By James Hufnagel, The Niagara Falls Reporter
The controversy over the new State Parks police barracks has been a near media sensation over the past week. Both daily newspapers, the Niagara Gazette and Buffalo News, covered it, the News even devoting one of two editorials in its high-circulation Sunday edition to calling for a halt to construction. All three local TV stations reported on the story, including State Parks’ decision to suspend work at the site late Sunday night.
Following the outcry, New York State Parks halted work on the project, at least temporarily.
And you heard about it first here, three weeks ago, in the May 27 edition of the Niagara Falls Reporter. Our readers were on top of the issue from the beginning.
It is peculiar the way the entire scenario played out.
Even though the City of Niagara Falls presented several alternative locations in the city to State Parks for the site of new state park police barracks, all locations that satisfied access requirements to the falls and gorge for emergency response purposes, the parks agency chose previously untouched open green space at the top of the Niagara Gorge anyway. Why was that?
Could it have anything to do with the fact that the new Maid of the Mist boatyard, the boatyard that Maid of the Mist owner James Glynn was forced to build virtually overnight at the Schoellkopf site to save his sinking business prospects, the boatyard that Andrew Cuomo waived all public review in terms of scoping sessions and environmental impact statements, and shelved a National Historic Landmark status application… is mere yards from where the proposed new police headquarters was to stand?
Think about it. The monopoly Glynn’s run since the 1970’s is forced out of Canada, losing more than half of its revenue. While the governor got a photo op out of it, nevertheless he’s none too pleased that he had to hand over even more of the Niagara Gorge for Maid’s business survival, given that there is an awakening among locals that the state has exploited its waterfront for far too long and the new boatyard is just more of the same. Some are happy about it, operating under the delusion that somehow subsidizing Glynn to the tune of $100 million by exempting him from open bidding laws so that certain politicians can crow about “saving” a “local, family-owned business” is a good thing, but on the other hand, there are a number of people damn sore about the additional infrastructure on the natural gorge, the crane and the boats and ugly sheds next to the river, and another elevator shaft ruining the viewscape at the top.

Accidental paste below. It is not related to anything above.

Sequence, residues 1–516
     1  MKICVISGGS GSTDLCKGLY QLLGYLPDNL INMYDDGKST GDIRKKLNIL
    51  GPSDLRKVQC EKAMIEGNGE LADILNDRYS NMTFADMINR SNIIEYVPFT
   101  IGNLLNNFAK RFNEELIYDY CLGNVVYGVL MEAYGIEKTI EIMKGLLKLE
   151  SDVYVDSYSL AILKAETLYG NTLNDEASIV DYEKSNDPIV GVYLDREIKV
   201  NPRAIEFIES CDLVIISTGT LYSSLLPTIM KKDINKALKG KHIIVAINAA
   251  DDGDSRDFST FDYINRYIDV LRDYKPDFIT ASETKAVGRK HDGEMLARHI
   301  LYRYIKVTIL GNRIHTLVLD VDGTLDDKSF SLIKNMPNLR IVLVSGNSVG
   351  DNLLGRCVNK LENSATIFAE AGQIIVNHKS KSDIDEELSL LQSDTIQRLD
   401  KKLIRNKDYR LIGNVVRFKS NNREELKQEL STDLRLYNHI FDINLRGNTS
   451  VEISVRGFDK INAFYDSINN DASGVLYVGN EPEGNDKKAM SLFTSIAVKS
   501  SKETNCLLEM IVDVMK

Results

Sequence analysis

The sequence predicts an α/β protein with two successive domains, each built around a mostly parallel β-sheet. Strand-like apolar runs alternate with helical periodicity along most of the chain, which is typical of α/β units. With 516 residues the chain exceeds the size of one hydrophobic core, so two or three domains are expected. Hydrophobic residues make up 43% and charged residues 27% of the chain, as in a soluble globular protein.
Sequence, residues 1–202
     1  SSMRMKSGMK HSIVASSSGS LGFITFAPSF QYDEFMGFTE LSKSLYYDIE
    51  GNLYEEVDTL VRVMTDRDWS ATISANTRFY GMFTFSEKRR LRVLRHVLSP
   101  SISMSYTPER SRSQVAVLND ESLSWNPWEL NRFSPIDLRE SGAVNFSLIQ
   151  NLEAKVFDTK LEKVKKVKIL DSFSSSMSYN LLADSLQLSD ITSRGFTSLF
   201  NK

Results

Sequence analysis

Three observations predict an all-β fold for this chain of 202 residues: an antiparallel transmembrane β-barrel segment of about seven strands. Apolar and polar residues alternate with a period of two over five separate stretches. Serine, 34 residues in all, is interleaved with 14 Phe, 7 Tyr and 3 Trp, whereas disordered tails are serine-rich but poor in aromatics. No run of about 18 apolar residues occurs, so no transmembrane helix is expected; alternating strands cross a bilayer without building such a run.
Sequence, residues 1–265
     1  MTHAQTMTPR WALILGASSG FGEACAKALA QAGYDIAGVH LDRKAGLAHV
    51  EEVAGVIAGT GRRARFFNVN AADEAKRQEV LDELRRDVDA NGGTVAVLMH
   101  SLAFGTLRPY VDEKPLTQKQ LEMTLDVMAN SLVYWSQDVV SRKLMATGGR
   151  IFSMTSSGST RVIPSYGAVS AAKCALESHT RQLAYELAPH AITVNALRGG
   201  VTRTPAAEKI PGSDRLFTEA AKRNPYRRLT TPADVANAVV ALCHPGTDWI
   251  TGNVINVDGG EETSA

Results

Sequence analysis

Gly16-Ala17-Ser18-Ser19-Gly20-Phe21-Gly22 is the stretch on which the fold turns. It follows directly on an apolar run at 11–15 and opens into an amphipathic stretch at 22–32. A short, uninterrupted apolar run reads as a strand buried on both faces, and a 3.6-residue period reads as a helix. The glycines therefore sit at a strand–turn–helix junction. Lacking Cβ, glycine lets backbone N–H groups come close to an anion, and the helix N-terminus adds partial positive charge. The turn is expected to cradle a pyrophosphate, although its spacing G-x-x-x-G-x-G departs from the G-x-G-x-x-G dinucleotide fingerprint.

Be honest. Can you come up with another single plausible explanation why State Parks would have obstinately forged ahead with plans to build the new barracks on open green space, after the removal of that section of the Moses Parkway for the exact opposite purpose, after the city had spent months offering alternative sites, and after unceasing and bitter criticism of the agency over the past several years?
Of course, the plan was for the State Parks Police to serve as Glynn’s Palace Guard. A quick response team to act as a deterrent for any who got it into their thick heads to mess around down there at the decidedly isolated boat and equipment storage yard. And like many other things associated with James Glynn’s Maid monopoly, paid for by taxpayers like you and me.
Speaking of taxpayers, and whether anyone has really given them a second thought during this sordid affair, it has been revealed that preliminary excavation of the site has resulted in the cutting down of 52 trees (stumps and all) that formerly graced the top of the Niagara Gorge rim. It has further been passed along to us that the wood from the trees has mysteriously disappeared and is unaccounted for. We would like to know if this wood is presently curing in the back yard, garage or basement of some bureaucrat’s country estate or summer cottage. And we intend to find out.
(Anyone with information leading to the whereabouts of what would be several hundreds of cords of wood taken from 52 mature trees needlessly cut down and removed from the parkland site of the proposed state parks police barracks, is asked to contact the Niagara Falls Reporter at 716-284-5595 or email: firstname.lastname@example.org. All communications will be kept confidential.)
This article is republished from The Niagara Falls Reporter with their permission.